Consistency Above All
In options, consistency wins. Here’s how one option trader fared using this concept.
A calendar spread is among the simplest of option strategies, yet among the most durable and profitable. A simplified explanation: the strategist sells a near-month contract and buys a far month against it. The near month loses value faster than the back month, and that is how a profit is generated.
As in most things, there is more to it than that, and that is why two years into the practice of trading calendar spreads, trader Himanshu Raval sought out an option mentor to learn the greeks. He found Dan Sheridan on a CBOE website video. Sheridan traded as an IBM market maker in his 24-year CBOE career, including thousands of calendars, so he knew whereof he taught.
Raval signed on as a student, and as a result, he doubled his returns from the 5% to 10% per month range to a 15% to 20% per month level, becoming something of a star in the option mentoring community.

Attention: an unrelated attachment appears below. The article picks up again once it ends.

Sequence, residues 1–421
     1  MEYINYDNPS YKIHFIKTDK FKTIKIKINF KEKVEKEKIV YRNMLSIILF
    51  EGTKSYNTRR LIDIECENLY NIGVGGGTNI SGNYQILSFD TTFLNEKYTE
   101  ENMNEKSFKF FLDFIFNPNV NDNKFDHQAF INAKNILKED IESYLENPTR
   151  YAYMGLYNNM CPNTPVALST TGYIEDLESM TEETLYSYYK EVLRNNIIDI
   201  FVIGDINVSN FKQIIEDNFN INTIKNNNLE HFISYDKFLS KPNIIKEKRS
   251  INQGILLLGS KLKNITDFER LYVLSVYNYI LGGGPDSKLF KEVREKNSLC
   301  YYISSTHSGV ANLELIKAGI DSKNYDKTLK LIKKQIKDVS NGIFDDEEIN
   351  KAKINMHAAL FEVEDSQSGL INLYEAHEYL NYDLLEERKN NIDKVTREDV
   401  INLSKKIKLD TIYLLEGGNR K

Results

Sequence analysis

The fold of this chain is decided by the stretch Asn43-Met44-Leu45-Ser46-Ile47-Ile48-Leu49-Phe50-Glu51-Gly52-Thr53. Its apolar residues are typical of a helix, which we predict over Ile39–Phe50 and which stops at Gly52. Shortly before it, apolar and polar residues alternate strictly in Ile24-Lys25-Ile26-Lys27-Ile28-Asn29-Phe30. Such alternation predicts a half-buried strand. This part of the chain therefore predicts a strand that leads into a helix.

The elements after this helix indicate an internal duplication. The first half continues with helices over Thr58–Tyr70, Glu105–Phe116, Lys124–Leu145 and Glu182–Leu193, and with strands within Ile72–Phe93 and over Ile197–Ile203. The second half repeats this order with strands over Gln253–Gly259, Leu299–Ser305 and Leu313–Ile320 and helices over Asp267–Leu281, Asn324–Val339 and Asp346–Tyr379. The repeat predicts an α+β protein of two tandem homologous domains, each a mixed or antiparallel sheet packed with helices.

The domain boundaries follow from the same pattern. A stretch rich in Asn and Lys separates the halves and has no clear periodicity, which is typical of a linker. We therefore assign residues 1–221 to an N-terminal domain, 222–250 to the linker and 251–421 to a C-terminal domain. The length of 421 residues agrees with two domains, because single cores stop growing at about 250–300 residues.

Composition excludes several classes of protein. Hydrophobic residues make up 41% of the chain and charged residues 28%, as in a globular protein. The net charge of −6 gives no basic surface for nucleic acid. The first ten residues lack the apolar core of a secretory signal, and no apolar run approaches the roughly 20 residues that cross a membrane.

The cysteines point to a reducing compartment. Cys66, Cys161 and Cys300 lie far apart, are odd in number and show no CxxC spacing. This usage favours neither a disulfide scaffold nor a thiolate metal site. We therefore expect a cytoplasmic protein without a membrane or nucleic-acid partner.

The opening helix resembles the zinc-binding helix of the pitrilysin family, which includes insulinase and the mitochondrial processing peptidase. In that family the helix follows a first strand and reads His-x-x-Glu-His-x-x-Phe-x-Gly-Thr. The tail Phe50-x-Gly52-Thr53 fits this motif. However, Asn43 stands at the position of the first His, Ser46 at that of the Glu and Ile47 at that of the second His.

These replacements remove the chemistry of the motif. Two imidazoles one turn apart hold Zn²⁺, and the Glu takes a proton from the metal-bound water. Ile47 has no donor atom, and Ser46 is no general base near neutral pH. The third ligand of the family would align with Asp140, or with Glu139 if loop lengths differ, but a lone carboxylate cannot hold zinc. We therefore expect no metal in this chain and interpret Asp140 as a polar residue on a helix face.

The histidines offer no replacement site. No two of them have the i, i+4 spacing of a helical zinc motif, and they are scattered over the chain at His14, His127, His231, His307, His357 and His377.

He holds forth on the merits of a consistent approach. A meticulous recordkeeper, in the past year he has earned 18% per month on his IBM calendars with an average of 25 to 27 days in a trade.
Historically, IBM has moved less than 8% per month on average. The less the underlying moves, the better for the calendar spreader. Raval also tried other tickers — JNJ, PG, and DIA — but like many professional traders before him, he settled on Big Blue, IBM. Here’s how he does it.
FIGURE 1: AN ELASTIC APPROACH. RISK CURVE OF IBM TRIPLE CALENDAR (175, 185, 190) AT THE END OF A LONG, PROFITABLE RIDE. Raval varies number of calendars from one to three, and time of calendar spreads between four and 12 months, depending on his readings of volatility and market direction, but one thing remains constant: he is in the market each month.